I'm A Burn Survivor Who Was Given 1% Chance Of Living — How Sports Gave Me My Spirit Back

Just like in sports, we can’t change our mistakes or the last play, we just have to focus on the next play.

Author playing lacrosse and speaking his story Courtesy Of Author

Sports have always been a big part of my life. For as long as I can remember, I have been chasing after a soccer ball, football, basketball, lacrosse ball, and now, especially when it is a poor shot, chasing golf balls. My parents said I was like a golden retriever; nothing made me happier than running around fields, gyms, pitches, and courses.

Without a doubt, my life revolved around sports. I'd go from one season to the next, always playing a sport since I was in elementary school. When we weren’t playing in the rec leagues, you could find us in the neighborhood, in someone’s driveway, or in the open park up the street, playing whatever we felt like that day.


I know this love for sports and my upbringing in athletics helped give me the tools I needed when I was faced with my untimely adversity.

RELATED: The Deep Emotional Skills Kids Learn From Regular Exercise

By eighth grade I was in my second year of playing quarterback for the football team, I made the basketball team again and was one of the rising stars for lacrosse in an area that still was fairly new to the game. I was exactly where I wanted to be and felt like my path was to play collegiate sports, maybe even professionally.

That was until one night, an outdoor fireplace explosion left me with 90 percent burns on my body, 75 percent being 3rd-degree, and I was given a 1 percent chance of survival. After three months in a medically induced coma and nearly 100 surgeries, I woke up to see my fate for the first time.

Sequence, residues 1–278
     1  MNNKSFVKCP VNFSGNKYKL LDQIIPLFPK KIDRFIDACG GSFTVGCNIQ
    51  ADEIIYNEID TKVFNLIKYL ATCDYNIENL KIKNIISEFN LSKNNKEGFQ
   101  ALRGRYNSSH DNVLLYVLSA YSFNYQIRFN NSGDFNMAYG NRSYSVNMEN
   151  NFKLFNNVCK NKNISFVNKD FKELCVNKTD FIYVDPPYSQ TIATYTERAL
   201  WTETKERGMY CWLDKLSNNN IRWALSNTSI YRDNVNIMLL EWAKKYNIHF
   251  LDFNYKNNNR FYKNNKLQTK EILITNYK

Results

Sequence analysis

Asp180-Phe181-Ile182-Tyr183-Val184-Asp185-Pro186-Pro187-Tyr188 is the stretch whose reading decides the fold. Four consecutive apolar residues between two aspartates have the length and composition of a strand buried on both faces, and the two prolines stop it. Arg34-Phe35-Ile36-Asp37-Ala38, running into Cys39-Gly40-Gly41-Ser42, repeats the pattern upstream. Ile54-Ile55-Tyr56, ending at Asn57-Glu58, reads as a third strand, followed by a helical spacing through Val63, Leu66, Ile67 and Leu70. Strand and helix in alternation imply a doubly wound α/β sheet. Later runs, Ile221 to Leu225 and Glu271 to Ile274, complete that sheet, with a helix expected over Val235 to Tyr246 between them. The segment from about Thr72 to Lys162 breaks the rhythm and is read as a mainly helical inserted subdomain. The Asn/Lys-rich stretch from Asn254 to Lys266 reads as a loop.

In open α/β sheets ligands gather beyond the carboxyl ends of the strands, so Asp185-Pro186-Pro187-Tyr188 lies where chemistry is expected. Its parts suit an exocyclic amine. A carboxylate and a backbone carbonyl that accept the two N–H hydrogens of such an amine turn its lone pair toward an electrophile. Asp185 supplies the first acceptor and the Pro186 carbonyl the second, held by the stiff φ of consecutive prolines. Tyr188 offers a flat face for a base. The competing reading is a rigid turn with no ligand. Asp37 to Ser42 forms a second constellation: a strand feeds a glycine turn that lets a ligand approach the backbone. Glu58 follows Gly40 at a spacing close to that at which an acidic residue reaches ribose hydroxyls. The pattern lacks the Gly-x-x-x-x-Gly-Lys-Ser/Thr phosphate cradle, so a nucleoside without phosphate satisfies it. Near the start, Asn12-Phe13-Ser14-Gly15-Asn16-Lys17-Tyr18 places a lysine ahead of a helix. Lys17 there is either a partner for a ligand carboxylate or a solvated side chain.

Wrapped head to toe in bandages, I was about 30 to 40 pounds lighter, missing my left index finger and thumb, with the rest of my fingers bent. I couldn’t move, everything hurt and then I got the news. Because of the extent of my injury, the doctors didn’t believe I would be able to walk again, let alone play sports.

It was a grim report where the picture painted was one that I felt was impossible to see. I was 13 years old in the hospital, and I was told that the life I knew, the life I had dreamed of, was all over. I would be lying if I said I didn’t spend a few days in darkness; feeling sorry for myself, crying, questioning everything.

But then, the inner athlete kicked in.

RELATED: 4 Ways To Get Through Hard Times That Feel Impossible


As an athlete, I know when you get hurt you have to give yourself time to heal and then you rehab and retrain. I was in the healing process, there was no doubt about that. I still needed my skin grafts to heal, I needed to get stronger, and I needed to rehab and retrain. It was as easy as that, but it began with a change in my mindset.

Things weren’t going to just get magically better. I had to work to help, and I had to believe in a process that works. Again, if you break a bone, tear a ligament, whatever the injury, it isn’t going to heal overnight and if you don’t rehab it or retrain it, it is never going to get better. So, that is where my mind went. Except this wasn’t a knee or shoulder, this was my whole body, and I was starting over from square one.

The hardest part was that my mind was no different than it was before, so I knew how to do things like walk, tie shoes, get dressed, etc. but my body couldn’t do it.

It took retraining my mind to say, alright this is our new circumstances, and we will start from here, like a blank canvas.